HEB2313 Hebrew: The Language of the Jewish People An examination of ancient Hebrew (grammar, syntax vocabulary, translation) and its values in Biblical Studies. Elective.

 

Humanities and Fine Arts


HUM2113 Introduction to the Humanities and Fine Arts: This is an interdisciplinary humanity course that encompasses both the humanities and the fine arts thematic- or genre-based study of selected works of art, music, literature and philosophy.

HUM2223 Art Appreciation: This study will serve as a primer of art history and its importance in the work and study of each art student. Drawing on the valuable lessons observed from the artists of the past and how they interacted with the age and time they created will help each student understand how their art can serve their community of faith and the world around them today.

PHI1313 Introduction to Philosophy: A survey of the basic concepts of philosophy with attention given to the problems of knowledge, being, the existence of God, good and evil, freedom of the will, with a focus on abstract thinking.

 

Mathematics


MAT1210 College Math: (Remedial – No Academic Credit – Pass/Fail) A review of mathematics skills. Topics include basic operations with whole numbers, fractions, decimals, and negative numbers; ratios and proportions; percents; radicals; solving simple equations; perimeter, area, and volume.

MAT1213 Applied College Mathematics: A study of several different fields of mathematics and their applications. Through the process of discovery with everyday applications, students improve their critical thinking and analysis skills.

 

Natural Science


BIO2113 Life Science: Life Science is an introductory course in which students will survey biological principles from a Christian perspective. Topics covered range from the cell and the theory of evolution to genetic engineering.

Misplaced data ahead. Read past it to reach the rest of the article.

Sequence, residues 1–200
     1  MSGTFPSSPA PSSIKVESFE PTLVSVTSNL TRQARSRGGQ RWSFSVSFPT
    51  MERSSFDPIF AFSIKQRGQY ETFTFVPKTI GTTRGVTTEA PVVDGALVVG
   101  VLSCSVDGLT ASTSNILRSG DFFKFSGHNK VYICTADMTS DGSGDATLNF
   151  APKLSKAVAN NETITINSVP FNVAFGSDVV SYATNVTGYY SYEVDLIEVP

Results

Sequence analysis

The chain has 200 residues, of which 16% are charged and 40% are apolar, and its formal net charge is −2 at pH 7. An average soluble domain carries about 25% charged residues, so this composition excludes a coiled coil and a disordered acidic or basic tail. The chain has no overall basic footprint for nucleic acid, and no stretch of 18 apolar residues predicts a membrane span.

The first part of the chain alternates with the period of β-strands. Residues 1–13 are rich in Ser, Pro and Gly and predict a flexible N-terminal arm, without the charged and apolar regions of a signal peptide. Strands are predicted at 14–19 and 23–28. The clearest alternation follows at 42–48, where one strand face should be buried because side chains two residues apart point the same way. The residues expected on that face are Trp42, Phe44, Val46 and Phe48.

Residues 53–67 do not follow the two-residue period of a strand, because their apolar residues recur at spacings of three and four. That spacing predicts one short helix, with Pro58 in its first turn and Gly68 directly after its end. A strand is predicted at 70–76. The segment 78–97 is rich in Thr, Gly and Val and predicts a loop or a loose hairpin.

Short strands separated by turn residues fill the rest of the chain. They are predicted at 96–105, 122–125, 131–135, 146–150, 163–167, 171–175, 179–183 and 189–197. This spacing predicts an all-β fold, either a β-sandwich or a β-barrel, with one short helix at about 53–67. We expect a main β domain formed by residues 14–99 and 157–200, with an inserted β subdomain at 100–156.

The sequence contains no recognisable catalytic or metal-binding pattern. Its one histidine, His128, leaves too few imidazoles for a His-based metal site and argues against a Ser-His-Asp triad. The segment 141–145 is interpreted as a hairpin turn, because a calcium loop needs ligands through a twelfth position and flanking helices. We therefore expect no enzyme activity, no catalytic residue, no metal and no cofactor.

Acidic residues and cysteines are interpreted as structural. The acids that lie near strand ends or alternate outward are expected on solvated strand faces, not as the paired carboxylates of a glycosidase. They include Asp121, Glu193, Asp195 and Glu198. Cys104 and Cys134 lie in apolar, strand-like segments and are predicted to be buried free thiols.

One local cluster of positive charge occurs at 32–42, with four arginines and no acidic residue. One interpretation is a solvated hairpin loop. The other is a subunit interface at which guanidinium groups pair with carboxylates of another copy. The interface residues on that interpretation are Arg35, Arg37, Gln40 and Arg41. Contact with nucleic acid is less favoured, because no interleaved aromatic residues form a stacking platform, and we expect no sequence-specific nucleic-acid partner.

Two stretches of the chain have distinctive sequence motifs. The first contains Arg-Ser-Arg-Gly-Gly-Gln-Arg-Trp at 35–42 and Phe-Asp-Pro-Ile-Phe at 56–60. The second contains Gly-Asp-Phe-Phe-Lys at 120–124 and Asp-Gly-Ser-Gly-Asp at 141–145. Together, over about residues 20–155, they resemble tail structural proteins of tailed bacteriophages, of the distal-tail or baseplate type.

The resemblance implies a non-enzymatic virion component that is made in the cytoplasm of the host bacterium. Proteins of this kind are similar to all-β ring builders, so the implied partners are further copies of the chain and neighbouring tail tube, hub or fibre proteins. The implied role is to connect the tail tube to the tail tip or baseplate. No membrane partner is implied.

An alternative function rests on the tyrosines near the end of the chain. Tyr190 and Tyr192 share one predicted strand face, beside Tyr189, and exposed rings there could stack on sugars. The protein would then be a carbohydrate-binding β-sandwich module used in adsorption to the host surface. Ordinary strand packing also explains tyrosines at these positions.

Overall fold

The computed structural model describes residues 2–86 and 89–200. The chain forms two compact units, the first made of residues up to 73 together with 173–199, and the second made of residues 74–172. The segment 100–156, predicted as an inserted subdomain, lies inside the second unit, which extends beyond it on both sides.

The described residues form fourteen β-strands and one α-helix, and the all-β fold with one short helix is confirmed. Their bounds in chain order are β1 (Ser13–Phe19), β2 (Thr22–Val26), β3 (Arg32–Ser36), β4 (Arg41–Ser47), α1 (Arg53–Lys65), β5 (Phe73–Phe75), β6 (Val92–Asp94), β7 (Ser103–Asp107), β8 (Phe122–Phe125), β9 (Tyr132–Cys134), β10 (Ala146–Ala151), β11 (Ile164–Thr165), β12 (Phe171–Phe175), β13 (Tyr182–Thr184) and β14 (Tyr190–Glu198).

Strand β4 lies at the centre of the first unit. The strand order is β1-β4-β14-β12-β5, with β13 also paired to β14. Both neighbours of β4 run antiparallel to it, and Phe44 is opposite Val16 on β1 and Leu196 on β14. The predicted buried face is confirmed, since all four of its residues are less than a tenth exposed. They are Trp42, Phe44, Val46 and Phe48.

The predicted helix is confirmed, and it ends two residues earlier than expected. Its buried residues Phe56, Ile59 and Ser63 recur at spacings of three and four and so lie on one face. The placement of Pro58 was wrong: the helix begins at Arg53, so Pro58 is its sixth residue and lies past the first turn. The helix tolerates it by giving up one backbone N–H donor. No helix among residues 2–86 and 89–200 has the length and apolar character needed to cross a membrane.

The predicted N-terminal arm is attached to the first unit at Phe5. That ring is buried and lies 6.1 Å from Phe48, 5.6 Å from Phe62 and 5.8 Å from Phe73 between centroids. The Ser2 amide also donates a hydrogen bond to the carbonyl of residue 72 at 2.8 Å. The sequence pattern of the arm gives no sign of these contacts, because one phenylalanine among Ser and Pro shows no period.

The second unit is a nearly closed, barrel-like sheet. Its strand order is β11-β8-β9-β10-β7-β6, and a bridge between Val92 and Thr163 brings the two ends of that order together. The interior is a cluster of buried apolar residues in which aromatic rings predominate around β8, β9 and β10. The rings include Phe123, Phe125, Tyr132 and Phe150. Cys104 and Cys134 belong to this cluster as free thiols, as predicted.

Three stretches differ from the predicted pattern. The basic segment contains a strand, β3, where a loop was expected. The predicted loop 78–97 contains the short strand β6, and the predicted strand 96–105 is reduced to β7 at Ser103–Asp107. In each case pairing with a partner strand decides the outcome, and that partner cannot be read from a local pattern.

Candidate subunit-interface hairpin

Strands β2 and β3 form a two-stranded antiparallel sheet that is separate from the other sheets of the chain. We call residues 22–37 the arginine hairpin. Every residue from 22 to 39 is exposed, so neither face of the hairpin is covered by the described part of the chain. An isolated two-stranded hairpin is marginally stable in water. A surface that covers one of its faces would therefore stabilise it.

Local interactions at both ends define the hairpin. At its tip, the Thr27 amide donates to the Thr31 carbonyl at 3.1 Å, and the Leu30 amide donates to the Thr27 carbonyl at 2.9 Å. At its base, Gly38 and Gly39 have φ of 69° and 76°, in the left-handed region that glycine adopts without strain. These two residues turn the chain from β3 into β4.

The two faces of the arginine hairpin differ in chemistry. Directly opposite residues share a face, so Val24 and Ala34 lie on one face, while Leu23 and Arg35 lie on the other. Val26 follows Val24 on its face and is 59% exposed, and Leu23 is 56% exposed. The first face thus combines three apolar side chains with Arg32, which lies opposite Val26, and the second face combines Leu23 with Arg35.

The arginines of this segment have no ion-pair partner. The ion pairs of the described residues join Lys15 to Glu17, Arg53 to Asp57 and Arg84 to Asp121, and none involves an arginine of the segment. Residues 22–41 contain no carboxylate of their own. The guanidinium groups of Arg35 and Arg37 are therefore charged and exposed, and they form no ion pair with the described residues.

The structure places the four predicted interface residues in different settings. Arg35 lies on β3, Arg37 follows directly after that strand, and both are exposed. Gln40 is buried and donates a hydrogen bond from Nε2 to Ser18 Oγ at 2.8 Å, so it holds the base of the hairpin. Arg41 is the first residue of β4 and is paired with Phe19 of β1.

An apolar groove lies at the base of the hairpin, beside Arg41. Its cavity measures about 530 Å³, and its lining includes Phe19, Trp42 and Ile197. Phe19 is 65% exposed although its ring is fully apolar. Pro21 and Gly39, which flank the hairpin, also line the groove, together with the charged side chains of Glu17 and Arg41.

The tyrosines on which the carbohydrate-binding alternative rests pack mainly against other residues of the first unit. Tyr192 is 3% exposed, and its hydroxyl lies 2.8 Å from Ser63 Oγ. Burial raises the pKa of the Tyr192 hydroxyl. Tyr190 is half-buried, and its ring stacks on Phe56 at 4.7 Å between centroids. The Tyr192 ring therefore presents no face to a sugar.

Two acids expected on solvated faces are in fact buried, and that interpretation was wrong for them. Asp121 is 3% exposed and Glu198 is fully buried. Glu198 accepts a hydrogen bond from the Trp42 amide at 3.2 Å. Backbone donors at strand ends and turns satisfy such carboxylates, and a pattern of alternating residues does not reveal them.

HTH1313 Health Education: This course focuses on developing personal and social health skills, including decision making, interpersonal communication, goal setting, self-management skills, and physical education.

 

Worship Leadership Department


MUS2111 Worship Lab: Guitar, Bass, and Basic Music Technology I: This course will teach prospective worship leaders or musicians the fundamentals of guitar and bass. Basic knowledge of chords and rhythmic patterns will be emphasized. Other topics to be discussed in class are song structure and basic music technology (Recording software, amplification, Microphone, soundboards). Students will develop entry level skills on the specified instruments; using those skills to compose and write worship songs, and finally to begin recording the songs that are written. This course equals 1 credit hour.

MUS2221 Worship Lab: Guitar, Bass, and Basic Music Technology II: This course continues from the previous one. It teaches prospective worship leaders or musicians the fundamentals of guitar and bass. Basic knowledge of chords and rhythmic patterns will be emphasized. Other topics to be discussed in class are song structure and basic music technology (Recording software, amplification, Microphone, soundboards). Students will develop entry level skills on the specified instruments; using those skills to compose and write worship songs, and finally to begin recording the songs that are written. This course equals 1 credit hour.

MUS2331 Worship Lab: Guitar, Bass, and Basic Music Technology III: This course continues from the previous one. It teaches prospective worship leaders or musicians the fundamentals of guitar and bass. Basic knowledge of chords and rhythmic patterns will be emphasized. Other topics to be discussed in class are song structure and basic music technology (Recording software, amplification, Microphone, soundboards). Students will develop entry level skills on the specified instruments; using those skills to compose and write worship songs, and finally to begin recording the songs that are written. This course equals 1 credit hour.